By: Ira Hope, RN
Hepatitis A is an inflammation of the liver caused by hepatitis A virus. The disease is primarily transmitted via food or drinks contaminated with a person who have had Hepatitis A.
Hepatitis A can be transmitted through:
- Ingesting food or drinks prepared by a person with HAV virus
- Oral or Anal sex with a person HAV
- Contact with fecal substance while changing a diaper or on public toilets
- Consuming contaminated water
A fly can be a vector when it touches the food or drink, then the individual will ingest it not knowing that the fly had carried the virus into the food contents. Hepatitis A develops around after 2 months of exposure to the virus. Its incubation period is 15 to 50 days.
Signs and Symptoms:
- It may occur without symptoms
- It may show flu-like symptoms
- Pre-icteric phase – headache, malaise, fatigue, anorexia and fever
- Icteric phase – dark urine, jaundice, tender liver
- Only confirmed by a blood test (IgM anti-HAV)
- Serum electrolytes might be imbalanced
- Hepatitis A vaccine are given before the occurrence of the disease. This is given for people who are traveling frequently.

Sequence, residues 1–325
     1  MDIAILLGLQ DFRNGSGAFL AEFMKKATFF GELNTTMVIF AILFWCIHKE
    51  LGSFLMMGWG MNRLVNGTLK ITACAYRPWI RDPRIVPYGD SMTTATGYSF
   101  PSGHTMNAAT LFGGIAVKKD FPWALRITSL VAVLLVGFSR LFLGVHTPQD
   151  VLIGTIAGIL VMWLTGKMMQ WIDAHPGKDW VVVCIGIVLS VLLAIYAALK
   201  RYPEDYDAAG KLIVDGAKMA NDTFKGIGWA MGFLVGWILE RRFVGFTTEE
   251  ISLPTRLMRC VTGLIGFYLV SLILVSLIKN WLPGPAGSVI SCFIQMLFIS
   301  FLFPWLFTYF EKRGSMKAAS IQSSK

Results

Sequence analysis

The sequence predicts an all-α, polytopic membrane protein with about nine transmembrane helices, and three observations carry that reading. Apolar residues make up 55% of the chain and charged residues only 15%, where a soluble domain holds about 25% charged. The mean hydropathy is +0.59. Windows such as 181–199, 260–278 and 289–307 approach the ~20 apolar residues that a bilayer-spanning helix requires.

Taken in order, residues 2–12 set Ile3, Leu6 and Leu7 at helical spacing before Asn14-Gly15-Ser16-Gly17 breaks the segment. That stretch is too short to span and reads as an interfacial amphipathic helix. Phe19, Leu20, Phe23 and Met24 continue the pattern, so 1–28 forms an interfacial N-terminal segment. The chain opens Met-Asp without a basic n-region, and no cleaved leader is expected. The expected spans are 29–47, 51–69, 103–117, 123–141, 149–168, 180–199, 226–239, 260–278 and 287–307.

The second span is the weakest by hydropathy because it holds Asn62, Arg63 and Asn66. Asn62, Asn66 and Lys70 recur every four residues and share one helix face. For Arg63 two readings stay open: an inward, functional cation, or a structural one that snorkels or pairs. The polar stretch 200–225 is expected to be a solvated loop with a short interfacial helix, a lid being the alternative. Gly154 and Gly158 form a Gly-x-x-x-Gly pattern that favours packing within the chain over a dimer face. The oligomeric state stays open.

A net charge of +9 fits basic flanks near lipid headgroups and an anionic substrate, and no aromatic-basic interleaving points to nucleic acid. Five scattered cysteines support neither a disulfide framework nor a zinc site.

- Practice proper hand washing before and after using the toilet.
- Avoid eating raw or uncooked foods in places with poor sanitation.
- Clean the area suspected with contamination with bleach.
- Heat food or water to 185°F or 85°C to kill the virus.
- Dehydration is the priority management at this time.
- Intravenous fluid and medications are given to control nausea and vomiting as well as further dehydration.
- Instruct folks and patient to do proper hand washing before and after eating, using the toilet or having in contact with soiled items of body fluids or stool.
- Encourage the family to provide screen or cover for foods or drinks so that flies won’t be in contact with them.
- Teach them to cook their food properly and as much as possible avoid eating in food establishments with poor sanitation.
- Encourage more fluid intake to prevent dehydration.
- Provide a high calorie, low fat diet in small frequent feedings as to compensate with the weakness being felt by the body.
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